In 1982, Marcus Jokinnen and Andrew Coward took over the organization. About three years later, Deborah McMullin joined. Jokinnen and Coward held a ‘poetry fest’ for two or three years during this Heather Ferguson became the organizers. Heather was largely responsible for expanding, improving and rejuvenating Tree. In 1988, Tree and the Sasquatch Reading Series co-sponsored and organized the Juryroom Workshop, a critical forum for poetry and fiction run by Juan O’Neill. Shortly after, organizers added the Jane Jordan Poetry Contest. These events are no longer on-going.
Circumstances such as the availability and price of venues have haphazardly affected Tree’s location. In 1998, Irene’s Pub, in the Glebe, hosted Tree and the Saw Gallery on Nicholas Street was home to Tree in 1999. When the Saw Gallery was renovating in 1999, Tree moved into the Royal Oak II Pub at 161 Laurier Avenue East. The Oak granted the venue for free, in a basement seldom used during regular evenings.
Some recent former organizers include directors Sylvia Adams and rob mclennan, Assistant Director Stephen B. Harding. Director Nadine Miller’s tenure ended in January 2000. From 1993-1995, many authors read under the auspices of the Canada Council for Arts, including Christopher Dewdney, Terry Griggs, and Steven Heighton.
James Moran, director, and Darryl Wright, former Assistant director, took over the series in January 2000, from Nadine Miller and her husband. Their tenure brought new life and a steady audience to the series, not to mention quality authors. Kerry McNulty was Tree’s Treasurer during the spring and summer of 2000. With the addition of Jennifer Mulligan as Webmaster and Treasurer in May 2000, Tree has had a steady improvement in the calibre of writers and audience attendance. This new Tree executive revived the series’ funding, booking a steady number of authors through the Canada Council for the Arts and the League of Canadian Poets. Tree has also successfully applied for City of Ottawa funding since the fall of 2000.
In the fall of 2005, the anthology ‘Twenty-Five Years of Tree’ was published by Buschek Books (www.buschekbooks.com) to showcase the history of the series and the writing of the many authors that have read at Tree over the years.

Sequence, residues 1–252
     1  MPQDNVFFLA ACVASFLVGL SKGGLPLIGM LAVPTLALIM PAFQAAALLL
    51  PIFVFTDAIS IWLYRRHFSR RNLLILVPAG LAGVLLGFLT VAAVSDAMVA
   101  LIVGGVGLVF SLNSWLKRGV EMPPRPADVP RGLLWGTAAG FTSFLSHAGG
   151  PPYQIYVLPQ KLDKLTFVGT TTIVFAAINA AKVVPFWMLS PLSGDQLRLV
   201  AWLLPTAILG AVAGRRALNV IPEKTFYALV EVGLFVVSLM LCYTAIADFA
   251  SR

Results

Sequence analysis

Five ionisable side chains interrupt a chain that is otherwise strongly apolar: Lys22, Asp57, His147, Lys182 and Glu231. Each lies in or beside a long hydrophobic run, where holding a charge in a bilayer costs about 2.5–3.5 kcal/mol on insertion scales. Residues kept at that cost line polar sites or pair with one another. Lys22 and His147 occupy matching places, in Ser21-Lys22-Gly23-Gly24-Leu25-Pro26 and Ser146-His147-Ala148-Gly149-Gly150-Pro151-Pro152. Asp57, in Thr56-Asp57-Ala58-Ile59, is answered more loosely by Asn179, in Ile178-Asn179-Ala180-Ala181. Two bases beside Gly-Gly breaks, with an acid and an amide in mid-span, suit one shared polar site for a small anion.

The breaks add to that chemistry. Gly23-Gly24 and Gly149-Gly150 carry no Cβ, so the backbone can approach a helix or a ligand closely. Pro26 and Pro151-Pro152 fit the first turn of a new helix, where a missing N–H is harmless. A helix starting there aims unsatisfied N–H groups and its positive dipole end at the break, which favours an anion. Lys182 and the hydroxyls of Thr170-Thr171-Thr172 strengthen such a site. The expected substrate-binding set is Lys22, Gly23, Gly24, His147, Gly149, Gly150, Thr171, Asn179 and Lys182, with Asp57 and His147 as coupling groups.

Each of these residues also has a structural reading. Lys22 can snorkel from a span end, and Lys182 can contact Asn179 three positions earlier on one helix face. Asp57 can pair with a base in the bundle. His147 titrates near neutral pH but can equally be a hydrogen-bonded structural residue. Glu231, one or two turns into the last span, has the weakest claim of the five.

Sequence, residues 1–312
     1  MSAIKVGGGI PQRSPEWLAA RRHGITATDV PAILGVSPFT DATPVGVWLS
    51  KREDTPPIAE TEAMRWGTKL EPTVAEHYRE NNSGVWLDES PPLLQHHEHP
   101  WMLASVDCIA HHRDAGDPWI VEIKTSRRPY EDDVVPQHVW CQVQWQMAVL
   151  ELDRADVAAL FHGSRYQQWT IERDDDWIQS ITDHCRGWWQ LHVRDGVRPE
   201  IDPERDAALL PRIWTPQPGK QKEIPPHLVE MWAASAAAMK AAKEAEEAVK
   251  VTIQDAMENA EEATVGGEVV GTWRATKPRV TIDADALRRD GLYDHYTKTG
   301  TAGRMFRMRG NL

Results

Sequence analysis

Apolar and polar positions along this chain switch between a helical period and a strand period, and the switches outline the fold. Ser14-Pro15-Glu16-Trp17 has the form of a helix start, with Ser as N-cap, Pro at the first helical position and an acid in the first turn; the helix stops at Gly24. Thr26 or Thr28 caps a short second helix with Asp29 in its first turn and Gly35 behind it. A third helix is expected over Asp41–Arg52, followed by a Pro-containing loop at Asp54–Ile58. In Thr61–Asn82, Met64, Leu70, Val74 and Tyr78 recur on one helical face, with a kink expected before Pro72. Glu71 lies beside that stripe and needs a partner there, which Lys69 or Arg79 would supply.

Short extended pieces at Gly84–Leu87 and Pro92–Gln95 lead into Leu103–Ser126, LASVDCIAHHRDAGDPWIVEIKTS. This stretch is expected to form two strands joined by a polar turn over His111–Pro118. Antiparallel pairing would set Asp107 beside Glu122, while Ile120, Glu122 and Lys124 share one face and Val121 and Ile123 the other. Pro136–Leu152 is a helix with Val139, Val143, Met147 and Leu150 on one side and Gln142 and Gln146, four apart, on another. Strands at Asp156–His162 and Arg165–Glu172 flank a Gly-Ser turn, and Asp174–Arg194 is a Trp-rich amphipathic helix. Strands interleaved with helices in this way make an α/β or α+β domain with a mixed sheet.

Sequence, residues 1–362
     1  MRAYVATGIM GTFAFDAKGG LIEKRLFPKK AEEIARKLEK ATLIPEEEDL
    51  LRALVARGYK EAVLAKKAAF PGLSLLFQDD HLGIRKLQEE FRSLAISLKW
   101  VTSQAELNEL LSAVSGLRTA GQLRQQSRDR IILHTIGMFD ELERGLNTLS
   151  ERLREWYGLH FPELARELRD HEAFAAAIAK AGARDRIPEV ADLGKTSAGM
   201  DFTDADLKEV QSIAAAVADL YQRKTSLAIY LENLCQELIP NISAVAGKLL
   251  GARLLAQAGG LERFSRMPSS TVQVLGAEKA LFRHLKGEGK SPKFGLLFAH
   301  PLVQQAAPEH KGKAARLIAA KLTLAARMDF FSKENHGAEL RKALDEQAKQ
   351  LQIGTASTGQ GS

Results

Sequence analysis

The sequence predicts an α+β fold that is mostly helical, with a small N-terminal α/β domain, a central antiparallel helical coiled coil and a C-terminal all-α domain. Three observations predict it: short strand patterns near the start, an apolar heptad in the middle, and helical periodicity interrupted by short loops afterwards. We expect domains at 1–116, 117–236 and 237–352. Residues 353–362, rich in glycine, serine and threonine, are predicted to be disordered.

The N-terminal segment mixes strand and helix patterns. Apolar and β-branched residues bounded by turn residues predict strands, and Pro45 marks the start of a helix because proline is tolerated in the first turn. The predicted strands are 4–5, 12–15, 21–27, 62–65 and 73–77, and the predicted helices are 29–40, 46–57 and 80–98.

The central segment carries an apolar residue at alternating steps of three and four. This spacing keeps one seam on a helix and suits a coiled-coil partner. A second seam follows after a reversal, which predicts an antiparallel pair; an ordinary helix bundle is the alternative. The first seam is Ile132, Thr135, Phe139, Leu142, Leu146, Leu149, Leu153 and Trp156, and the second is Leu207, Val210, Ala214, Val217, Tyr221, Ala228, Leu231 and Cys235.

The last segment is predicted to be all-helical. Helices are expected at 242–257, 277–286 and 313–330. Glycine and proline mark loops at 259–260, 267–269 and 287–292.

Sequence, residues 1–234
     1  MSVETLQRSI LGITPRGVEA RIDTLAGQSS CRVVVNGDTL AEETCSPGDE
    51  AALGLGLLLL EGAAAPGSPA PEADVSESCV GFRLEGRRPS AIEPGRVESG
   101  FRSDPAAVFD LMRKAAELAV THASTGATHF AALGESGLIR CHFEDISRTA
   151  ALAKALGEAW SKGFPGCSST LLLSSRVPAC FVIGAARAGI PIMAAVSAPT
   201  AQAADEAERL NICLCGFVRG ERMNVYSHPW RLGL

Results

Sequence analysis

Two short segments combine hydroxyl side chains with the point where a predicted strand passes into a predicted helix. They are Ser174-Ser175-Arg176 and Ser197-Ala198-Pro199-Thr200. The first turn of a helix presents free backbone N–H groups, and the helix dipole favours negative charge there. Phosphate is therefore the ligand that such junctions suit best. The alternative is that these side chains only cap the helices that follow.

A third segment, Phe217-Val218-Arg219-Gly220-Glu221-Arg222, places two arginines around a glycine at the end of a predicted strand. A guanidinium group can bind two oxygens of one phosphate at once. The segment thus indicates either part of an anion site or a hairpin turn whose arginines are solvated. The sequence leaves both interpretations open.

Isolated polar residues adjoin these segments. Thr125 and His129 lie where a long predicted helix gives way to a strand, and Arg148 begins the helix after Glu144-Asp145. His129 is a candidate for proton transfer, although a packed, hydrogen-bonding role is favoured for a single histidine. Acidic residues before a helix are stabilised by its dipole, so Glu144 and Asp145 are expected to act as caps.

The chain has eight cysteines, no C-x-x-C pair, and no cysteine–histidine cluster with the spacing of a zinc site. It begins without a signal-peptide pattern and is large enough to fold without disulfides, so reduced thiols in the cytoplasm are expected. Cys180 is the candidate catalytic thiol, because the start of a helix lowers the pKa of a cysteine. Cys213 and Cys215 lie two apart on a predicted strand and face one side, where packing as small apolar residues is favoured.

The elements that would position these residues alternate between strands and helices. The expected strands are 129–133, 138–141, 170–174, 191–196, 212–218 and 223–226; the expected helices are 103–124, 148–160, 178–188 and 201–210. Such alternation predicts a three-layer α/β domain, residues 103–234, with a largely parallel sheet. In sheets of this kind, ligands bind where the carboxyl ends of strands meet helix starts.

In December 2005, the ‘James and Jennifer’ team moved on to new things, including focusing on their own writing, and Rhonda Douglas, Dean Steadman and Joanne Steadman formed the new organizing executive of the Tree Reading Series. In January 2008, Rhonda also departed Tree to pursue her writing interests and Dean took over as Tree’s Director with new executive members Rod Pederson, Don Officer and Nicole Chatelain, and the continued assistance of Joanne as Treasurer.
Rod Pederson became Tree’s director in 2009. The series flourished and several standard program elements added interest to the readings. A series of retreat weekends happened called Tree Master Weekend under Rona Shraffron in 2010 and 2011. The most successful and lasting of these is the free one hour workshops curated by Pearl Pirie until 2014 at which point it was passed to Chris Johnston.
In 2012 Claudia Radmore began organizing the Tree Chapbook contest, finding a guest judge each year. In December 2012 Rod retired and the team of Carol Stephen, Deanna Young and Margaret Zielinski took over. Carol subsequently resigned, and in October 2013 Colin Morton took over as treasurer. Tree moved from Arts Court to Club Saw, and in June 2014 found a congenial home at Black Squirrel Books, 1073 Bank Street, where it continues to present a program of fine poets from across Canada.